In establishing a taxonomy for Judaism, some have tried to make the case that Christianity is a form of Judaism. I do not agree with that viewpoint. Despite the vast differences within ancient and modern forms of Judaism, they all share the general conviction that Judaism is the Torah-based way of life for the Jewish people. Defining how a “Torah-based way of life” should be lived out varies widely from one Judaism to the next, but that basic idea is shared across both ancient and modern forms of Judaism.

Christianity, with all the beauty and good within it, does not share the conviction that the Torah defines the way of life for the people of God. There are exceptions, but generally speaking, Christianity developed based on an understanding of Paul and a reading of the rest of the Bible that values Torah observance as optional at best and dangerous at worse. However, this is not how things were at the beginning of the Jesus movement. I maintain that this was not how Paul lived; it was not what he emphasized, and it was not part of his vision for Jews or Gentiles who embraced Jesus as the Messiah. Paul, as a passionate emissary for Jesus, was dedicated to spreading Judaism for the whole world in light of Jesus’ death and resurrection. Nevertheless, Paul’s Judaism was and remains unique.

Paul’s Judaism = Revolutionary

Paul’s Judaism was and is a Jesus-centered Judaism for Israel and the nations. Paul expected his disciples, both Jewish and non-Jewish, to love and keep Judaism—as was appropriate for each group. For Jews in Paul’s day, Judaism was a way of life that was assumed. According to Paul’s Judaism, Gentile Christ-followers had an equal standing with the people of God within Jewish space, and it was a radical threat to the status quo of his day. Reintroducing Paul’s Judaism, not only as an idea but also as something with practical and modern ramifications for both Judaism and Christianity, is a radical threat to the status quo of ours.

The Apostle Paul’s Judaism was not only unique, it was also revolutionary. In Paul’s mind, the death and resurrection of Jesus meant that the end of the ages had broken in. We can conceptualize Paul’s Judaism as an “apostolic” or “end-times” Judaism. Because the end-times “age of the prophets” had broken in, Paul was convinced that the Gentiles now needed to abandon their native gods and embrace the good news about Israel’s God, Israel’s redeemer, and Israel’s standards of righteousness. In other words, we can think of Paul in terms of spreading a “Judaism for Gentiles.” But in the mind of the apostle, it was Judaism nonetheless.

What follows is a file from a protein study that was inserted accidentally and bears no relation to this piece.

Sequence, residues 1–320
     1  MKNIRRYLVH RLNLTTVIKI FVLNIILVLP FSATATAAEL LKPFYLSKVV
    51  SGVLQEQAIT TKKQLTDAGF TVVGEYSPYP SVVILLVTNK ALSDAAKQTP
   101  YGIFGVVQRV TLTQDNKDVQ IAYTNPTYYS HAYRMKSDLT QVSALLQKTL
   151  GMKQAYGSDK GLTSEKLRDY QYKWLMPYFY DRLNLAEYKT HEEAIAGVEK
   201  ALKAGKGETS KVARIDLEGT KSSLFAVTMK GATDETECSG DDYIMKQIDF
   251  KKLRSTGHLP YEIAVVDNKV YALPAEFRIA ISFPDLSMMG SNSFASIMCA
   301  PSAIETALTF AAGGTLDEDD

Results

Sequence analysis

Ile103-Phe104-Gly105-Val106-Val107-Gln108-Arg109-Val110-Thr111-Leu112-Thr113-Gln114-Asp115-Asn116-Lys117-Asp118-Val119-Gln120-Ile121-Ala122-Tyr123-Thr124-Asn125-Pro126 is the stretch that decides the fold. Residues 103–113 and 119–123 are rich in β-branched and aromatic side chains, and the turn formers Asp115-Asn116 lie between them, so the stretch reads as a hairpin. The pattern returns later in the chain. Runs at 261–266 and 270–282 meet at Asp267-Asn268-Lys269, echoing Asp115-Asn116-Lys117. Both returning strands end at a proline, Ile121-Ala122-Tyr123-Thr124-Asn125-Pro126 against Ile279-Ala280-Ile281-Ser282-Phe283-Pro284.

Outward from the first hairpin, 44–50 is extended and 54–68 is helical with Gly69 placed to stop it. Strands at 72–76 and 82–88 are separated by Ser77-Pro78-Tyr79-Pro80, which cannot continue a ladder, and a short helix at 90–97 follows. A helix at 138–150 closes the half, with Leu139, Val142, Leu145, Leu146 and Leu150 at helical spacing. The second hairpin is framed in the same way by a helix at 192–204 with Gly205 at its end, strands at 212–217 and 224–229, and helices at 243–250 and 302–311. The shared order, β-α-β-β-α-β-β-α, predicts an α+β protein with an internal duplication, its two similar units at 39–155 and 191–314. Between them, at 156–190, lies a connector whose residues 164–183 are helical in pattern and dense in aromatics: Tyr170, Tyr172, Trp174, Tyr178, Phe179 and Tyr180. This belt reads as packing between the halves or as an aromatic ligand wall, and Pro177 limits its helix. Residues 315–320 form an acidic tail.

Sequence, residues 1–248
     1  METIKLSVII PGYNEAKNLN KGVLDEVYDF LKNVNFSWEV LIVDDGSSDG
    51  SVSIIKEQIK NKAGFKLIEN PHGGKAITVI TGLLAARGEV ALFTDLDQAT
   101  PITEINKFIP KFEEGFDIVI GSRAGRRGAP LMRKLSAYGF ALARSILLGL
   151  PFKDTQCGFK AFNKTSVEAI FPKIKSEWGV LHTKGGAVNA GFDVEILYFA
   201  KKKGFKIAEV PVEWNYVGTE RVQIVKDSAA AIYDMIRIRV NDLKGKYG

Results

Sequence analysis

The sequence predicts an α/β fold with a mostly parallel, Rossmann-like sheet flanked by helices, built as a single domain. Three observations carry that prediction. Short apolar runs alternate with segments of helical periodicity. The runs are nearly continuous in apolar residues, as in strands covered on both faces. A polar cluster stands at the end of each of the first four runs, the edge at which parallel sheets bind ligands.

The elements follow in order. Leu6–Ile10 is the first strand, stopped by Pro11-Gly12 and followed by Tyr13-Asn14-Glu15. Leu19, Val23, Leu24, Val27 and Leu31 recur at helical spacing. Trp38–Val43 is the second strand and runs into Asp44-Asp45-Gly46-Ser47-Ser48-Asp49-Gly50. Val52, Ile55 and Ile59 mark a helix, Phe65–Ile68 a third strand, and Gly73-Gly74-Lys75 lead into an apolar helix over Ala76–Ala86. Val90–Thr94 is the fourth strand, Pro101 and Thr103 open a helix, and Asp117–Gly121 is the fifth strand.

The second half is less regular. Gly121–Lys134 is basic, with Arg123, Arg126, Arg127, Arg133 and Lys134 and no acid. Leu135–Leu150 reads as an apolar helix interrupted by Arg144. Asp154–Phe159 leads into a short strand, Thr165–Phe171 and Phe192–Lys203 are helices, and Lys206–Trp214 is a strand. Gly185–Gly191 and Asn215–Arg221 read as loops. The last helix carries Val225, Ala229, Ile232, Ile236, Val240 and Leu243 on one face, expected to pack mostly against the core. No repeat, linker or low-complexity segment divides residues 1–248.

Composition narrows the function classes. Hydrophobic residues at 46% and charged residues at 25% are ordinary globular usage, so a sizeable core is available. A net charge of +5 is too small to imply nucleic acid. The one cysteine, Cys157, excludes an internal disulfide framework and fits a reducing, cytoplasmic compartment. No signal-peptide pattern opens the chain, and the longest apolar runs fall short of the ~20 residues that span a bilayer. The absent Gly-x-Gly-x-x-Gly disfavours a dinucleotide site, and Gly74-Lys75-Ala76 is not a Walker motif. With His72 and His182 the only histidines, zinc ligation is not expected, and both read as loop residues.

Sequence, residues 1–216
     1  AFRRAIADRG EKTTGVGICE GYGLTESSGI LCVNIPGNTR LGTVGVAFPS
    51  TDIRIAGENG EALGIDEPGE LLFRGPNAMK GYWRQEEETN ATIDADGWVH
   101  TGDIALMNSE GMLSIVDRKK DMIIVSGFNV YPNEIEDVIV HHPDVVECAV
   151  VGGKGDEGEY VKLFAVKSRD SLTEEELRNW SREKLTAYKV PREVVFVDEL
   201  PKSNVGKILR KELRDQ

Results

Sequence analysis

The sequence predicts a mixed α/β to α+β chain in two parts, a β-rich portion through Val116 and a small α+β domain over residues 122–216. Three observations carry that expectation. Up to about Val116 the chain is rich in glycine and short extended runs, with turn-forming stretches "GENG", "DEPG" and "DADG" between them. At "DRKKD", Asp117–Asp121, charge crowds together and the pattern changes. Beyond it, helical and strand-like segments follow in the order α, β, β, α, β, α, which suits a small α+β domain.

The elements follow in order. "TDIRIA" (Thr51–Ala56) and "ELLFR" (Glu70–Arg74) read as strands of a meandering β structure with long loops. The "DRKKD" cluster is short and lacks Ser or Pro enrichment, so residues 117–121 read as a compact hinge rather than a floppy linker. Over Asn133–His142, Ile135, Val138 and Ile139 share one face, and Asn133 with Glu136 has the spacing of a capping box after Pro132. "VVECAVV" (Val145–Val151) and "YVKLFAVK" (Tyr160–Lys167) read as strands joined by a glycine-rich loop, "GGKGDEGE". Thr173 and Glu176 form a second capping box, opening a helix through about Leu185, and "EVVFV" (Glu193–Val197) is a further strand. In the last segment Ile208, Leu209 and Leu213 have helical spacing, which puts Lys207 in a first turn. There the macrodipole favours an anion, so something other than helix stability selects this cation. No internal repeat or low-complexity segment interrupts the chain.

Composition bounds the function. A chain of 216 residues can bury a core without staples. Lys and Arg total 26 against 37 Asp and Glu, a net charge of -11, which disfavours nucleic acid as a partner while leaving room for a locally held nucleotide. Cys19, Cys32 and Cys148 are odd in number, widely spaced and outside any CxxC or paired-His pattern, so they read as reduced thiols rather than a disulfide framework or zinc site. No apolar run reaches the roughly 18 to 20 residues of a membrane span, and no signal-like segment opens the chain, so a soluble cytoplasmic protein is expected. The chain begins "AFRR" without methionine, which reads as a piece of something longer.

Contrary to deeply rooted prevailing viewpoints, Paul had no objective to create a new, Torah-free religion that had been liberated from Judaism. Never did he imagine that the followers of Jesus would one day divorce themselves from the Torah, the Jewish people, and the land of Israel. In Paul’s mind, the Jesus movement was a sub-group of Judaism.

For Paul, Judaism was the Torah-based way of life that God had ordained for the Jewish people to flourish and fulfill their mission in the world. In light of the resurrection of Jesus and the inauguration of the Messianic Era of which prophets before him spoke, Paul emphasized that the time had come for Gentiles to leave paganism and enter into the realm of Judaism. Paul’s gospel’s fundamental key is that Gentiles should and must remain as Gentiles within this “Jesus-centered” Judaism.

If this idea is correct, and the real, historical Paul was a “Paul within Judaism,” then it represents a massive change in thinking that needs to occur for both Christians and Jews about how we understand Paul. Suppose our thinking and understanding of Paul and his letters undergoes a significant change. In that case, this will affect how his letters are applied, especially for those who embrace Paul’s apostolic authority. Such changes could serve as a catalyst for the kind of prophetic restoration for which Paul longed.

  1. Rabbi Nathan Lopes Cardozo, Jewish Law as Rebellion (Jerusalem, Israel: Urim Publications, 2018), 117.
  2. Cited online:–paul-in-transition

First Fruits of Zion